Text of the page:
Land Rover’s adventurous Defender SUV is built to go just about anywhere: up mountains, wading through rivers, across frozen tundra. The new $93,000 Defender 130 is an elongated eight-seat version of the popular Defender 110. If the need ever arose, the 130 could carry the Toronto Maple Leafs’ entire starting lineup and their coach across ridiculously rugged landscapes.
“It allows customers to effortlessly transport up to eight people across any terrain and is the ultimate demonstration of Defender’s breadth of talents,” proclaims the company.
And yet, faced with an ordinary underground parking garage, the Defender finds itself at an impasse. It’s too tall to enter, forced to retreat, defeated by a simple plastic tube dangling by chains from a garage roof. There’s no arguing with the tube; the SUV’s roof rails touch it, and so the giant Defender must reverse awkwardly back up the ramp, causing minor traffic chaos.
We venture into yet another parking garage only to be turned away again by another dangling tube. When we do eventually find a suitable parking venue, the Land Rover is so long, its nose sticks out of its parking spot.
All tall SUVs and pickups suffer from an inability to infiltrate certain underground garages and tight parking spaces, but it seems like more of a problem on an SUV promising go-anywhere, do-anything ability.
At 1.97 metres tall – about the height of Dwayne (The Rock) Johnson – (or 1.79 with the suspension lowered) – the largest Land Rover SUV is taller than a Cadillac Escalade, the same height as a Mercedes-AMG G63, but slightly shorter than the Bronco Raptor or Dodge Ram TRX. The Defender’s height gives it real off-road chops: up to 290 millimetres of ground clearance, the ability to navigate knee-deep water and approach slopes of 37.5 degrees without scraping the front bumper.
Realistically, the 130′s main selling point, however, is its extra length. At 5.36 metres long, including the spare wheel fixed to the trunk, it’s 340 millimetres longer than the Defender 110. The additional square-footage allows for a cavernous cargo hold and seating for up to eight, where the shorter 110 offers up to seven chairs and a child-only third row.
Climbing into the third row of the 130 is a bit of an ordeal, requiring a lunge upward, then a tight crouch under the roof and a spin-plop into the seat. It’s not elegant, but at least there is actually room for adults back there.
From the driver’s seat, the extended Defender feels like an armoured personnel carrier. Outward visibility is poor with large blind spots all around simply because the vehicle is so gigantic. (All large trucks and SUVs suffer from this problem; they’re also more deadly to pedestrians and cyclists in the event of a collision.)
The Defender’s rear-view mirror is hopeless; the spare tire blocks what little view there is. Thankfully, the mirror doubles as a screen, showing a (somewhat limited) view from a rear-mounted camera. An array of radar sensors and cameras around the vehicle make parking easy, though, assuming you can find a large enough spot.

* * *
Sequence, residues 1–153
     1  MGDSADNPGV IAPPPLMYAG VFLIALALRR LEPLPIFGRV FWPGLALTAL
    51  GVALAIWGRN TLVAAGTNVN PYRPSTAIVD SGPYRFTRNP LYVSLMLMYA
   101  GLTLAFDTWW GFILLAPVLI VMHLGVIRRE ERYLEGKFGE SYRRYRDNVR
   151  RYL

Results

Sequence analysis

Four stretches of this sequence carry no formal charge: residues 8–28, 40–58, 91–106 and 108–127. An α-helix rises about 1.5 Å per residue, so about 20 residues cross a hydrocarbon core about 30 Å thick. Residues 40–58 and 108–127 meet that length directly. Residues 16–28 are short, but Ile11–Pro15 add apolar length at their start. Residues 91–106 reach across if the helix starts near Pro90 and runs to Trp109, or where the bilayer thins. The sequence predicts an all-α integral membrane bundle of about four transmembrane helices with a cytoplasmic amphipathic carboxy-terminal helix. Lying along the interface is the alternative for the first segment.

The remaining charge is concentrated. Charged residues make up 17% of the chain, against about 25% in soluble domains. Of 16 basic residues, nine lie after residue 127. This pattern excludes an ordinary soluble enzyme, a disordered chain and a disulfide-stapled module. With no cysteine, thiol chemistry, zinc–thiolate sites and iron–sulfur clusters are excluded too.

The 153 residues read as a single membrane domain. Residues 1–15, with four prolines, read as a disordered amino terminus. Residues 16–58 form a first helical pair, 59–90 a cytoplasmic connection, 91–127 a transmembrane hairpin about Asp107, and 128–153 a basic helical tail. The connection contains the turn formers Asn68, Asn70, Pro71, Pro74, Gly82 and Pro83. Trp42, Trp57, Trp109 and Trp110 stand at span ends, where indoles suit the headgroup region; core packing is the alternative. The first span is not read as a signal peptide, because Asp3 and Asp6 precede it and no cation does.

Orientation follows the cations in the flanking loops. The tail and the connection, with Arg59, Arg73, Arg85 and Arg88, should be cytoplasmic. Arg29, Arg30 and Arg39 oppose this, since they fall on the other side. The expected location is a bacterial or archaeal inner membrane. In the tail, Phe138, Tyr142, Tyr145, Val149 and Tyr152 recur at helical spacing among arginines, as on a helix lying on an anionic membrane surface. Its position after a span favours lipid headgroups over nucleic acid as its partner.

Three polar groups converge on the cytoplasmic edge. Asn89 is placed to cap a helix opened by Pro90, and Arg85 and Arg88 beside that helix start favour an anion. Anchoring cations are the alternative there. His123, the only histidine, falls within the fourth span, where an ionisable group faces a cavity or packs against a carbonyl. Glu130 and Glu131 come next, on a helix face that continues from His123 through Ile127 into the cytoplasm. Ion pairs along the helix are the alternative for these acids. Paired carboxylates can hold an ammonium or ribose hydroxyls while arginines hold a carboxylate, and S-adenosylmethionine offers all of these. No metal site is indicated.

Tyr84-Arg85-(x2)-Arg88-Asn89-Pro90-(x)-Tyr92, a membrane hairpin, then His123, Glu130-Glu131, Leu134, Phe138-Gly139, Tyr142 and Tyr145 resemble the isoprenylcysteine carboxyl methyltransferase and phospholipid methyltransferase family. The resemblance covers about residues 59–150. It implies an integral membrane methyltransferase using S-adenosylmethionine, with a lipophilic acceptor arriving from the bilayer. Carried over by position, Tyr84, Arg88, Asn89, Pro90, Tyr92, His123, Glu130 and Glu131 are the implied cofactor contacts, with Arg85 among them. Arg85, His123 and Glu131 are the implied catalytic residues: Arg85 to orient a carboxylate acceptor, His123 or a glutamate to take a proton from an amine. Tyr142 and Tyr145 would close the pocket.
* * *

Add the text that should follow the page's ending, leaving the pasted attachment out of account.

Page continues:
If this big and brutish Land Rover is near the top of your short list, you have to ask yourself: Is the oversized Defender 130 worth the inconvenience that comes with driving such a tank?
When it comes to transporting people, a minivan is still the best (albeit frumpiest) solution, and you’ll never have to worry about parking-garage height restrictions. When it comes to climbing mountains and fording rivers, a smaller off-roader like the two-door Defender 90 or Jeep Wrangler are more capable. Or, if you simply want to feel rough and rugged while driving around your suburban cul-de-sac, the mid-size Defender 110 is more manageable. However, on the off chance you are an Iceland tour operator or a family of eight living in the deepest wilderness, then the Defender 130 has no equal.
2023 Land Rover Defender 130
- Base price/as tested: $93,000/$107,380 (P400 First Edition)
- Engine: Three-litre inline-six mild hybrid (P400)
- Transmission/drive: Eight-speed automatic/all-wheel drive
- Fuel economy (litres per 100 kilometres): 13.8 city, 11.2 highway
- Alternatives: Mercedes-Benz GLS, Cadillac Escalade, Jeep Grand Wagoneer, Land Rover Defender 110, BMW X7, Lexus LX, a minivan and a good set of winter tires
It’s like the designers just went into Photoshop and stretched the trunk.
It’s still one of the best-designed dashboards in the business – highly original and functional, with a large menu of colour and trim options.
In the P400 trim, this 2,500-kilogram behemoth is surprisingly (needlessly) quick off the line with 395 horsepower and 550 lb-ft of torque from a six-cylinder mild-hybrid motor. Officially, acceleration to 100 kilometres an hour takes 6.6 seconds.
The 11.4-inch touch screen is bright, with an appealing user interface. Bonus marks for having physical buttons for volume, climate control and seat heaters.
The trunk floor is high, and not flat with the seats folded down. But the Defender 130 will tow 3,000 kilograms and cart around eight people. If you need more space, you should probably be shopping for a bus.
Ideal for adventure tour operators, but most people would be better served by the smaller Defender 110.